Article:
Capcom Imposes "Switch Tax" on Resident Evil Switch Ports

The Switch versions of Resident Evil, Resident Evil, 0, and Resident Evil 4 will cost more than their counterparts on other systems.

Back in September, Capcom surprised fans when the HD ports of Resident Evil, Resident Evil 0, and Resident Evil 4 were announced for the Nintendo Switch during a Nintendo Direct presentation. A few days ago, the games finally received solid release dates on the Switch.

Now that the games are available for pre-purchase on the Nintendo eShop, though, some have discovered a bit of new information Capcom didn't announce: the price of each game. 

The Switch versions of these survival-horror classics will cost $29.99 each on the eShop. RE4 is digital only, but fans can pick up a physical copy of RE and RE0, packaged together as the Resident Evil Origins bundle, for $59.99 at retailers, saving $10.

However, only RE0 is on the card; the first game is a download-only.

The issue many seem to have with this news is that the eShop price for each game is a full $10 more than Capcom charges for the same downloadable versions on PlayStation 4 and Xbox One. In other words, one could purchase all three games for the price of the Origins bundle on other systems.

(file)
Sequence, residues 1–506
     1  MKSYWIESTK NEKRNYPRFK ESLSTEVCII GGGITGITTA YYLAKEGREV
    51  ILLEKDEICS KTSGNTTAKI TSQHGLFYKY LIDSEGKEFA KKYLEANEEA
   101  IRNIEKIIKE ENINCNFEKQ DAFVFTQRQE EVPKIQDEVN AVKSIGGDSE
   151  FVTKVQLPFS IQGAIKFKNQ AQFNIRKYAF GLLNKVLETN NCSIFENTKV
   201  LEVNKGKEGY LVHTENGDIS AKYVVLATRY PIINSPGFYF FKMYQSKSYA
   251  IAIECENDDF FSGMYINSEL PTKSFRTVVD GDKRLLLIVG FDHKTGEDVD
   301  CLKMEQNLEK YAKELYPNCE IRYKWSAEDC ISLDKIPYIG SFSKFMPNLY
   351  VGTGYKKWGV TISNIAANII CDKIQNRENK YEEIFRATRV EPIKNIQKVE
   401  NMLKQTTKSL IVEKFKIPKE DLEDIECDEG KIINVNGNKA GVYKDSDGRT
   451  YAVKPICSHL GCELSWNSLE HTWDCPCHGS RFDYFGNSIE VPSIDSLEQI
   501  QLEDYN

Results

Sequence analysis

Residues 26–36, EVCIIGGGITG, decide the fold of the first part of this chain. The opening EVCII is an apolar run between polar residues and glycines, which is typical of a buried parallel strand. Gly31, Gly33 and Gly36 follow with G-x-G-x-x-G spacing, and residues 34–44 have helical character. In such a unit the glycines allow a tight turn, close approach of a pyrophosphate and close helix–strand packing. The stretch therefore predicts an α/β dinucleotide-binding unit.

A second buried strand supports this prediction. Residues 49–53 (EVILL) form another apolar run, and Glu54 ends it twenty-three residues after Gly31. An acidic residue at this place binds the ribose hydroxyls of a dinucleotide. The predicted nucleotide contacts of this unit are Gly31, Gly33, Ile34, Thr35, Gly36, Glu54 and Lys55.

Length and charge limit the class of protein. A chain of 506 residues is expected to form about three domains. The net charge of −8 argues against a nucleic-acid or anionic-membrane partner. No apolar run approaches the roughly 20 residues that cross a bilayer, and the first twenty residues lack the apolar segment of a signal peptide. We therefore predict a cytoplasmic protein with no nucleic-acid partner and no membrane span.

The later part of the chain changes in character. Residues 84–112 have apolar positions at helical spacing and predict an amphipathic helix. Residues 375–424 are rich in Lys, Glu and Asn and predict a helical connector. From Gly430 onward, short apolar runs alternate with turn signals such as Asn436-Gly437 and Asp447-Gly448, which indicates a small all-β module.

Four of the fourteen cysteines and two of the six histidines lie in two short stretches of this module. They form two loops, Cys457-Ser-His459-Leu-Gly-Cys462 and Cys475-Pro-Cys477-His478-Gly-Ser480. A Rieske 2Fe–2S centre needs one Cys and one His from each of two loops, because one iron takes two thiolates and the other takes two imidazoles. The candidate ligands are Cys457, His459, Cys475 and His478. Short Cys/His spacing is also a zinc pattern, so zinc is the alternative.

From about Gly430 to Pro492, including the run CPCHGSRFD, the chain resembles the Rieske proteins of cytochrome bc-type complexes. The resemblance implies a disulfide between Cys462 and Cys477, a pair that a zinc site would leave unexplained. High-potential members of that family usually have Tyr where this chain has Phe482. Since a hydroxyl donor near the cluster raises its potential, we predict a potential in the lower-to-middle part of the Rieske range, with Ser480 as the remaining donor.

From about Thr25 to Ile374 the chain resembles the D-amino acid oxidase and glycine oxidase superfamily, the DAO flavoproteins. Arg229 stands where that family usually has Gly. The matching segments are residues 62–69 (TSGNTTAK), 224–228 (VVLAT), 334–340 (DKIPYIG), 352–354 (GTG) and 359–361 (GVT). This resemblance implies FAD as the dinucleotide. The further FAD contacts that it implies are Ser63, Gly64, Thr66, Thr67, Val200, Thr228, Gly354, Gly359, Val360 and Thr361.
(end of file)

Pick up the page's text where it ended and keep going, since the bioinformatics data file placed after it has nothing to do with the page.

This is yet another example in a long line of price increases gamers have dubbed "the Switch tax." Retail and digital versions of the same game tend to cost anywhere from $5 to $10 more than those on other platforms, sometimes even more.

Nintendo and other developers offered an explanation shortly after the system launched, claiming the price increases were related to the Switch game cards, and digital prices are meant to match retail prices to avoid damaging retailers' profits.

However, not all developers end up implementing the infamous increase. Bloodstained: Ritual of the Night, for example, will cost the same on Switch as other platforms.

Whether the recent hype surrounding Resident Evil 2's remake is enough to encourage purchases on the Switch at a higher price remains to be seen.

Contributor

Josh Broadwell's gaming career began early--1993, to be exact--when he was introduced to the Super Nintendo and Super Mario World. Despite all the magnificent games the SNES and, later, the original PlayStation had to offer, it wasn't until the GameBoy Advance era that he finally discovered RPGs, which quickly became a favorite genre. He holds a BA in history, an MA in history, and is currently pursuing an MA in strategic communication.

Published Feb. 28th 2019

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